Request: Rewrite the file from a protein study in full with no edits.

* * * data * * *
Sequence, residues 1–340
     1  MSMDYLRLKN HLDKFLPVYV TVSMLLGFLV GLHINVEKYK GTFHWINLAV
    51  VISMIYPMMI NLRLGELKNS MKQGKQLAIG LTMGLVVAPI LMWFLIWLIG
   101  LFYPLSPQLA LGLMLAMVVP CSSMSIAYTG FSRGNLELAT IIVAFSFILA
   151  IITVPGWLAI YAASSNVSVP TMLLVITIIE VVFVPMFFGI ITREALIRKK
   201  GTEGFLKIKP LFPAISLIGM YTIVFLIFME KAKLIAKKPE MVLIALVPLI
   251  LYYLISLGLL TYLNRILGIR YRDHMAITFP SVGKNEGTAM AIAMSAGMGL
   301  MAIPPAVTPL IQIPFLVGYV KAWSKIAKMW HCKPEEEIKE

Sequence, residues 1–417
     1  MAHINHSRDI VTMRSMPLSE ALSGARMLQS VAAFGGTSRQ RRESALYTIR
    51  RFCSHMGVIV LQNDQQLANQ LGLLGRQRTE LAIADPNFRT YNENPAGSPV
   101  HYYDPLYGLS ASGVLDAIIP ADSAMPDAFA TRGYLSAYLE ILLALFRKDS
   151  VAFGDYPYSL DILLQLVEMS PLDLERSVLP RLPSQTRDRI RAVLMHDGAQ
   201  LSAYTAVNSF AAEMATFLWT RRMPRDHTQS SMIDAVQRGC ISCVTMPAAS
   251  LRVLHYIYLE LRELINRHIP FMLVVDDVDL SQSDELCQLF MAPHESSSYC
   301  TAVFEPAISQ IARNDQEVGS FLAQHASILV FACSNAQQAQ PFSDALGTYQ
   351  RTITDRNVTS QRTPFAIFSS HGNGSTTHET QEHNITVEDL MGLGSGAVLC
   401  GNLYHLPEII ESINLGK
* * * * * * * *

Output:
Sequence, residues 1–340
     1  MSMDYLRLKN HLDKFLPVYV TVSMLLGFLV GLHINVEKYK GTFHWINLAV
    51  VISMIYPMMI NLRLGELKNS MKQGKQLAIG LTMGLVVAPI LMWFLIWLIG
   101  LFYPLSPQLA LGLMLAMVVP CSSMSIAYTG FSRGNLELAT IIVAFSFILA
   151  IITVPGWLAI YAASSNVSVP TMLLVITIIE VVFVPMFFGI ITREALIRKK
   201  GTEGFLKIKP LFPAISLIGM YTIVFLIFME KAKLIAKKPE MVLIALVPLI
   251  LYYLISLGLL TYLNRILGIR YRDHMAITFP SVGKNEGTAM AIAMSAGMGL
   301  MAIPPAVTPL IQIPFLVGYV KAWSKIAKMW HCKPEEEIKE

Sequence, residues 1–417
     1  MAHINHSRDI VTMRSMPLSE ALSGARMLQS VAAFGGTSRQ RRESALYTIR
    51  RFCSHMGVIV LQNDQQLANQ LGLLGRQRTE LAIADPNFRT YNENPAGSPV
   101  HYYDPLYGLS ASGVLDAIIP ADSAMPDAFA TRGYLSAYLE ILLALFRKDS
   151  VAFGDYPYSL DILLQLVEMS PLDLERSVLP RLPSQTRDRI RAVLMHDGAQ
   201  LSAYTAVNSF AAEMATFLWT RRMPRDHTQS SMIDAVQRGC ISCVTMPAAS
   251  LRVLHYIYLE LRELINRHIP FMLVVDDVDL SQSDELCQLF MAPHESSSYC
   301  TAVFEPAISQ IARNDQEVGS FLAQHASILV FACSNAQQAQ PFSDALGTYQ
   351  RTITDRNVTS QRTPFAIFSS HGNGSTTHET QEHNITVEDL MGLGSGAVLC
   401  GNLYHLPEII ESINLGK